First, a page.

EMBCA Presents Zoom Webinar on The Smyrna Catastrophe on September 6


The Great Fire of Smyrna, also known as the Catastrophe of 1922. (Photo by Eurokinissi/Tatiana Bollari via Art Exhibition concerning Smyrna)

NEW YORK - On September 6 at 2pm (EST), the East Mediterranean Business Culture Alliance (EMBCA) in association with AHEPA’s Hellenic Cultural Commission will host a Zoom Webinar entitled “The Martyred City: The Smyrna Catastrophe (September, 1922) Remembrance of the Christian / Hellenic Genocide."

Presenters will include, EMBCA’s President and Chairman of AHEPA’s Hellenic Cultural Commission Lou Katsos on “Thirty Year Christian/Hellenic Genocide 1894 to 1924 and Beyond, an Overview”; Professor Ismini Lamb the Director of The Modern Greek Program in the Department of Classics at Georgetown University on “Correcting Three More Misconceptions about the 1922 Smyrna Catastrophe”; Professor Nikos Michailidis a Sociocultural Anthropologist at the University of Missouri, St. Louis on “Remembering Genocide, Securing Democracy and Stability in the Eastern Mediterranean”; and Peter Stavrianidis, PHD Educator/Community Leader in Hellenic Genocide Issues on “The Destruction of Smyrna and the End of Hellenism in Asia Minor.”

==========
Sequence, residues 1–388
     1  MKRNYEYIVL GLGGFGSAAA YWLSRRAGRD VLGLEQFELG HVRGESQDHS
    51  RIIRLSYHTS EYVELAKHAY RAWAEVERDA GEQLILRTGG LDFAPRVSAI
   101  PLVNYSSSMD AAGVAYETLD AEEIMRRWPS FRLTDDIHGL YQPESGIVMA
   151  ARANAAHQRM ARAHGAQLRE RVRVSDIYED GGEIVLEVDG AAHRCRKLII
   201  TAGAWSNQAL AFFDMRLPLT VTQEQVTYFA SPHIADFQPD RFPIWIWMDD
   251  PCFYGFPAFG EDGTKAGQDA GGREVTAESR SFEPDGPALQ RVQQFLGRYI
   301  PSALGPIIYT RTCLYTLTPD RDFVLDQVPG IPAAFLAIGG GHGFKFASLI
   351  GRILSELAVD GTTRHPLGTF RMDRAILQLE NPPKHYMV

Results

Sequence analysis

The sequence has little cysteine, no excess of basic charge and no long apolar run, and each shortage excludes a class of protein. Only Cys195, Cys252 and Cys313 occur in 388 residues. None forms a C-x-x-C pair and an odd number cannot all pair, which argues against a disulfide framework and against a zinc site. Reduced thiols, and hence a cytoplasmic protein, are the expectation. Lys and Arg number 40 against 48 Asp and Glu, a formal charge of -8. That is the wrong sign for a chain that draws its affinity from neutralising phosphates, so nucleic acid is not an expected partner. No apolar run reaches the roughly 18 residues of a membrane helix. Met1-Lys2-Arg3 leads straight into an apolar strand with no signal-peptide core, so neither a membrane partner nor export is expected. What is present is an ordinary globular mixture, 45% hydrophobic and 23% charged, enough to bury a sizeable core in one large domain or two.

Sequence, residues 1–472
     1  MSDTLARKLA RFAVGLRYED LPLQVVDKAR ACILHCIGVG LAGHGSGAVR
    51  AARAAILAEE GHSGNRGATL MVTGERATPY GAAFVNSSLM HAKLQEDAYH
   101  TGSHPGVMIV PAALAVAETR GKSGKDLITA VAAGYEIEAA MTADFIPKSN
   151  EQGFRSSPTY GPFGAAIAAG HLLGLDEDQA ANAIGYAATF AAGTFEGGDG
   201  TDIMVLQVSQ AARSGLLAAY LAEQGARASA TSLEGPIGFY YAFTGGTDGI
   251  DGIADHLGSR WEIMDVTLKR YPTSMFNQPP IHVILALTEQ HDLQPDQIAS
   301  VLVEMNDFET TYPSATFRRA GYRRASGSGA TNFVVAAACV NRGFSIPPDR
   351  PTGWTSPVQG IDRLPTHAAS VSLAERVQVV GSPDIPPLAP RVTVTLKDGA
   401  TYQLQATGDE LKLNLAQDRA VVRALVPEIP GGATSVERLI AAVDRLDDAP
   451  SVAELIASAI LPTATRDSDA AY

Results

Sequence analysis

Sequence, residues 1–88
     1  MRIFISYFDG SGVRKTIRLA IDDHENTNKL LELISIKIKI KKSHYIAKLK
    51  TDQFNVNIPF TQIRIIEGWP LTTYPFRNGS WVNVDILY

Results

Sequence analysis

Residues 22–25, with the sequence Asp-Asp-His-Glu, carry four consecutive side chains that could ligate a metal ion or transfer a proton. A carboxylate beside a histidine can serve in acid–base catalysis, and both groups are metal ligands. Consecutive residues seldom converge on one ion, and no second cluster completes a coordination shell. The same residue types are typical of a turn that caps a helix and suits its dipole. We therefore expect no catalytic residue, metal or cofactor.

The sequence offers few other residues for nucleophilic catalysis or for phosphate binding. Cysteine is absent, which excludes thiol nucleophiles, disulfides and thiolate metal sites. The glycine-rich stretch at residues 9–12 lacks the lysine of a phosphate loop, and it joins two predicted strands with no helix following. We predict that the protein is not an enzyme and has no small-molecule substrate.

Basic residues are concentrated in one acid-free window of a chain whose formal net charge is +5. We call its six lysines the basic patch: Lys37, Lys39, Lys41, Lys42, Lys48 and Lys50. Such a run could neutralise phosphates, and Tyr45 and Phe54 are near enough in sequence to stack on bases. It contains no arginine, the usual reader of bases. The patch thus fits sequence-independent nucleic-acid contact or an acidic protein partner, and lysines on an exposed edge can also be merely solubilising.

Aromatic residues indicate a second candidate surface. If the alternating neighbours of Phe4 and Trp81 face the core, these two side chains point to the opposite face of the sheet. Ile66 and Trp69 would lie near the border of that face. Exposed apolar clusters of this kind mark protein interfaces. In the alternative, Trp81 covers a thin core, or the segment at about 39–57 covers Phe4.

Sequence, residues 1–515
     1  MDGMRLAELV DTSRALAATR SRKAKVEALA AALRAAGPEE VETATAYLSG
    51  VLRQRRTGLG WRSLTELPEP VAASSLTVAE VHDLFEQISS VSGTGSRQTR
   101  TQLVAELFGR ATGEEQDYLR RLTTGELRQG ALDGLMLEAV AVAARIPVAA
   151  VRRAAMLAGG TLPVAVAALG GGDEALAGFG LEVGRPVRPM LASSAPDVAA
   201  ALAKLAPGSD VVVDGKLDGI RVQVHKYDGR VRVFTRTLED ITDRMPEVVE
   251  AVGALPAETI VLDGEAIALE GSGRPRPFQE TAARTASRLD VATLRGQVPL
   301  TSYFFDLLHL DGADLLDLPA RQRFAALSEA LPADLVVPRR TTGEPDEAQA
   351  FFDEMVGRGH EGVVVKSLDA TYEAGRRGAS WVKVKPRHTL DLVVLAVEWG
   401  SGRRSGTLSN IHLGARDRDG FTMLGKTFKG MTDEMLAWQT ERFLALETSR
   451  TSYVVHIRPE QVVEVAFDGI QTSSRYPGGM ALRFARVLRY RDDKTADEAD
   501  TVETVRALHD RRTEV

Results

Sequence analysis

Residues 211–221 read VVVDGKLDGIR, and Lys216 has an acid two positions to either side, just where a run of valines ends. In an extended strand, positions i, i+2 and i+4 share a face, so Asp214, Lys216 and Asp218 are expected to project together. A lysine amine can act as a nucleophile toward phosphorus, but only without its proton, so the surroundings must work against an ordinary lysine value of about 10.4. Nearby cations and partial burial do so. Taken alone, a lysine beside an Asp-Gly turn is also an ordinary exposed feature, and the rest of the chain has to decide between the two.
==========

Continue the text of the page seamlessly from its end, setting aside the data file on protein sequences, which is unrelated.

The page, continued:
The Smyrna Catastrophe (in the Hellenic – Καταστροφή της Σμύρνης) refers to the deliberately set fire four days after Turkish forces entered and captured the port city of cosmopolitan Smyrna in Asia Minor and which completely destroyed its Hellenic and Armenian quarters. The fire was started September 13 and extinguished September 22 in 1922. Turkish troops, per eyewitnesses, systematically cordoned off the Quay to contain the Hellenes and Armenians within their fire zone quarters and prevented them from fleeing. The estimated Hellenic and Armenian deaths resulting from the fire range up to 100,000. It has been said that up to 400,000 Hellenic and Armenian refugees in the city from other parts of Asia Minor crammed the waterfront and quays to escape the horrific flames. Women were raped and tens of thousands of Hellenic and Armenian men were subsequently deported into the interior of Anatolia, where many died in harsh and brutal conditions. After the Smyrna Catastrophe the Hellenic city founded 3,000 years before, a jewel of the Eastern Mediterranean, ceased to have Hellenic residents.